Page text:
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WikiLeaks founder Julian Assange says technology firms will get the first look at alleged CIA hacking tools before they are published.
The initial tranche of published documents from a leaked archive of US Central Intelligence Agency (CIA) hacking tools that exploit zero-day vulnerabilities in most desktop and mobile operating systems put affected tech firms on the back foot and racing to release fixes and contain the damage.
WikiLeaks came under fire for publishing details of the hacking tools and the vulnerabilities they exploit without first disclosing the information to software and hardware makers to enable them to prepare patches to protect users of affected products.
In a live streamed news conference, Assange said the CIA could potentially cause the tech industry “billions of dollars of damage” and that after some thought, he had decided to give the tech community further leaks first.
“We have decided to work with them, to give them exclusive access to some of the technical details we have,” he said.
“Once the material is effectively disarmed, we will publish additional details,” said Assange, adding that WikiLeaks wanted to “secure communications technology because, without it, journalists are not able to hold the state to account”.
According to Assange, WikiLeaks has “a lot more information on the [CIA’s] cyber weapons programme”.
Apple, Google and the Linux Foundation were among the first to say they were working on security updates where necessary, while Comodo and Kaspersky Lab said the vulnerabilities in their software mentioned in leaked documents were obsolete and had been fixed, and Avira said it had already rushed out a fix.
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Microsoft, which has long been a leading campaigner for responsible disclosure of security vulnerabilties, said in a statement that its preferred method for anyone with knowledge of security issues was to submit details to firstname.lastname@example.org so the firm could take any necessary steps to protect customers.
Security industry commentators said individuals and companies that discovered they were using vulnerable products would have to assess their own risks and decide what course of action to take to mitigate it.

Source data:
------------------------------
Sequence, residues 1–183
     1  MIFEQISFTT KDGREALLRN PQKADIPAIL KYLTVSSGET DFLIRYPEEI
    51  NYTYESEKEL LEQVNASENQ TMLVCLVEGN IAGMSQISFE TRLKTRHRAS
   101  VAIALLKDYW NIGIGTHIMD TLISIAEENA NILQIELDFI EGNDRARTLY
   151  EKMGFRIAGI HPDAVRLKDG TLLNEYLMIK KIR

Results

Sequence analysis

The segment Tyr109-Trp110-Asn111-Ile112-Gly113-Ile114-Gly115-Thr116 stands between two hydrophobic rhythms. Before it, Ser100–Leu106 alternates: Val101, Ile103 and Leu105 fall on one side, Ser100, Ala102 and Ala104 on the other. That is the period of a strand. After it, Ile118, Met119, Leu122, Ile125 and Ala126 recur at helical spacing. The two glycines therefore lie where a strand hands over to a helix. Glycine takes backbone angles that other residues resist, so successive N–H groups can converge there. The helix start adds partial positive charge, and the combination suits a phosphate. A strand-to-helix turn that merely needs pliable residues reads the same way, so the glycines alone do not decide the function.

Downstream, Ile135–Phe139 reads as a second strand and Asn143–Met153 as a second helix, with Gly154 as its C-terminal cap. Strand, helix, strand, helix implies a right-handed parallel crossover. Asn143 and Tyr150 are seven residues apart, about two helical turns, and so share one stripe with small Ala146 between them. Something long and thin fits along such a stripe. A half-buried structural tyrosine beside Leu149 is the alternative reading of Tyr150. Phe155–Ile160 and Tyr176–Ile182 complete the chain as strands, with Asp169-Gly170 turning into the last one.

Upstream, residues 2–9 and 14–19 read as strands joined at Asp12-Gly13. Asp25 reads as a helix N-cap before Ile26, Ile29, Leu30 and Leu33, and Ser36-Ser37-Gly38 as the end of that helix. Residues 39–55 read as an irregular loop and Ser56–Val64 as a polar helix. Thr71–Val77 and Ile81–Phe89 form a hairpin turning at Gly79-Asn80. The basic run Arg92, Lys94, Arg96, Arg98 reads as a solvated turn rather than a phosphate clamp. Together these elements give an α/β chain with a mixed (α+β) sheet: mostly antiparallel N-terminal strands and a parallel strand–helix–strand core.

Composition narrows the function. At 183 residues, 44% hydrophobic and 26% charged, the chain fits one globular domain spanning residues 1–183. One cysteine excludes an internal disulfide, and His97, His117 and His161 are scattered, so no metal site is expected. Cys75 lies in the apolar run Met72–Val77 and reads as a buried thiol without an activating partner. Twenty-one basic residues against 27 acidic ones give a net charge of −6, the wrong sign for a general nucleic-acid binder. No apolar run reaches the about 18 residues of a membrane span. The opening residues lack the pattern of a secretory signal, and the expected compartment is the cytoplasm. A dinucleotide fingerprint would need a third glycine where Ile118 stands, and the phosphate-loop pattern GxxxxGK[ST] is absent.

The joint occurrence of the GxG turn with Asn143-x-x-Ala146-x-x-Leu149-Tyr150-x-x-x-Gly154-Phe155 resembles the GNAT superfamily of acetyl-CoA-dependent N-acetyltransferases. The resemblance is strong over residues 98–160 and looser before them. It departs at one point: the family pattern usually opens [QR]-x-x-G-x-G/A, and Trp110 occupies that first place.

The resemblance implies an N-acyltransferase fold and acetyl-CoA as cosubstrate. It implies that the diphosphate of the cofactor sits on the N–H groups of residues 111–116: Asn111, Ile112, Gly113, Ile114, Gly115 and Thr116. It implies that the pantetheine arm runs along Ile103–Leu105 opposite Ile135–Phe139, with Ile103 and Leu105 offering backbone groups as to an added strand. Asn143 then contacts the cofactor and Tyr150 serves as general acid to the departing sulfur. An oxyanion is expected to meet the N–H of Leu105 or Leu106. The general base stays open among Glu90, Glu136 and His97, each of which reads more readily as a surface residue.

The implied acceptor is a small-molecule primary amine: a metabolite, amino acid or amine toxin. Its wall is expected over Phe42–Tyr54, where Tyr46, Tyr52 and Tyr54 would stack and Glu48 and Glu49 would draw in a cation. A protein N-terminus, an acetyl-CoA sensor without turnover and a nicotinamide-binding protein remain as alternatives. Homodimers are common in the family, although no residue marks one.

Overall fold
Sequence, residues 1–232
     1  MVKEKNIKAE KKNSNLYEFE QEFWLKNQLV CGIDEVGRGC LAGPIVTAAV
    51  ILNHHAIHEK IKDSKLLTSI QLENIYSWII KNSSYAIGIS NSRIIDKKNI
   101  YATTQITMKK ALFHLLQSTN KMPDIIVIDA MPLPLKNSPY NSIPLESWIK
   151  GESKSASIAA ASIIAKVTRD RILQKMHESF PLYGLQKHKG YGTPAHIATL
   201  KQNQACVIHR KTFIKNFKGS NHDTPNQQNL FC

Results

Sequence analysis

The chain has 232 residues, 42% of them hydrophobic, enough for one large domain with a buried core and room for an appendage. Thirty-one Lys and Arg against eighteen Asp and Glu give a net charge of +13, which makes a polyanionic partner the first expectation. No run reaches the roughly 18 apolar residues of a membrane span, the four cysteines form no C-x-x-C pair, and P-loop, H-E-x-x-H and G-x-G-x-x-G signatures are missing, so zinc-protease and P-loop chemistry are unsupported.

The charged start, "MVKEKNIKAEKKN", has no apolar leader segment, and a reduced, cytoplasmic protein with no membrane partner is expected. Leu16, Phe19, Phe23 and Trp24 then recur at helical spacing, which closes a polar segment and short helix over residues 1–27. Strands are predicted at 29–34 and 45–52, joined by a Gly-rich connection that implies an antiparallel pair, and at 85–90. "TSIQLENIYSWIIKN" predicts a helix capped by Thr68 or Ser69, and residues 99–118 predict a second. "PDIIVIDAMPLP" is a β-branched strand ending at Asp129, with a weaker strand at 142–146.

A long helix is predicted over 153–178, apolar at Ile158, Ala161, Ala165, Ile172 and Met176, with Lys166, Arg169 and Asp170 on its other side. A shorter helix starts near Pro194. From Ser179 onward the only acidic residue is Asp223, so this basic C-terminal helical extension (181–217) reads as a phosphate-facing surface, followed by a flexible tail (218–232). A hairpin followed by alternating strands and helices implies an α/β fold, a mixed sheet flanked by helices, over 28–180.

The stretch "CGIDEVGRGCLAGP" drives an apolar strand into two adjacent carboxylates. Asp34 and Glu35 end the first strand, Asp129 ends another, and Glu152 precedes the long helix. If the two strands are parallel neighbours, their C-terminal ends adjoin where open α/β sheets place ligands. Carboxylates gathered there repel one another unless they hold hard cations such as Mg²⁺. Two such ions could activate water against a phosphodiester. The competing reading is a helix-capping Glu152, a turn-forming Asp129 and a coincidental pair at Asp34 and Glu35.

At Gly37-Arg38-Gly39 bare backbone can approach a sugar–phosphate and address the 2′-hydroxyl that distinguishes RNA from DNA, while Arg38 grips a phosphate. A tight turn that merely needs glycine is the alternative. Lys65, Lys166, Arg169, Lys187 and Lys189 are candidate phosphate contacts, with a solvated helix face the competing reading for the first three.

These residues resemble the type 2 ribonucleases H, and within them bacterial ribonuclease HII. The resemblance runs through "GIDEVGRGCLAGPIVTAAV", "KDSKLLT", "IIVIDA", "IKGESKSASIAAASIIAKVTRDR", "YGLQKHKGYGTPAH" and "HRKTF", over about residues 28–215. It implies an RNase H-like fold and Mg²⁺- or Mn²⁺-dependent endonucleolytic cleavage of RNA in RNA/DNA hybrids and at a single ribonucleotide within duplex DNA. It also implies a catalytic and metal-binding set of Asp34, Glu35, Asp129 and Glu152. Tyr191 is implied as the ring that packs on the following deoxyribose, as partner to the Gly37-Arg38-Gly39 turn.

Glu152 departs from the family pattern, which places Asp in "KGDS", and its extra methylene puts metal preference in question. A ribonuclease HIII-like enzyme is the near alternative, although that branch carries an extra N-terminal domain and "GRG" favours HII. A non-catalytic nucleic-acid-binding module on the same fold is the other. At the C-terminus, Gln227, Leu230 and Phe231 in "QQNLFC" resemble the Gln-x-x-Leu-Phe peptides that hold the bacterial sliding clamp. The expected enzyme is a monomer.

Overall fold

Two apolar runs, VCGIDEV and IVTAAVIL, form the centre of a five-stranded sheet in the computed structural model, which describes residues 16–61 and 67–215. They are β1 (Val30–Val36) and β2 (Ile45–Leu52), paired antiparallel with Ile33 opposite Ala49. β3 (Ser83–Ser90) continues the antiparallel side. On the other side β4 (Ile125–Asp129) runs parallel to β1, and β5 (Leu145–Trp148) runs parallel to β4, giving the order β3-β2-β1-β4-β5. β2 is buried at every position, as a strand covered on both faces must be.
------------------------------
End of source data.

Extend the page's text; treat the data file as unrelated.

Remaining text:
“This may involve temporarily disabling or disallowing some products until vulnerabilities are patched, or even switching to new products,” said Shuman Ghosemajumder, CTO of Shape Security.
Assange used the news conference to highlight the Umbrage programme, which was revealed in the first set of leaked documents.
The programme is allegedly aimed at collecting malware from other nation states, such as Russia, to help hide the origin of the hacking tools developed by the CIA and its allies.
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- Microsoft says it continues to support responsible disclosure of security vulnerabilities after a researcher went public with a zero-day vulnerability.
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“The technology is designed to be unaccountable,” said Assange, claiming that a malware expert had told WikiLeaks he suspected that malware previously attributed to Iran, Russian and China could have been developed by the CIA.
China has already asked the US to stop spying on and hacking other countries, according to Reuters. “We urge the US side to stop listening in, monitoring, stealing secrets and internet hacking against China and other countries,” Chinese foreign ministry spokesman Geng Shuang said at a news briefing on 9 March.
The statement comes just days after China called for greater international collaboration in cyber space, saying it was committed to working with other countries to combat cyber crime and cyber terrorism
“It is in the shared interests and also the responsibility of the international community to safeguard peace and security, promote openness and co-operation and foster a community of shared future in cyber space,” China’s president Xi Jinping was quoted as saying in the preface to the International strategy of co-operation on cyber space.
Publication of the strategy comes nearly 18 months after the Chinese premier and US president Barack Obama agreed that neither government would support the cyber theft of intellectual property in an attempt to quell rising tensions between the two nations on the issue.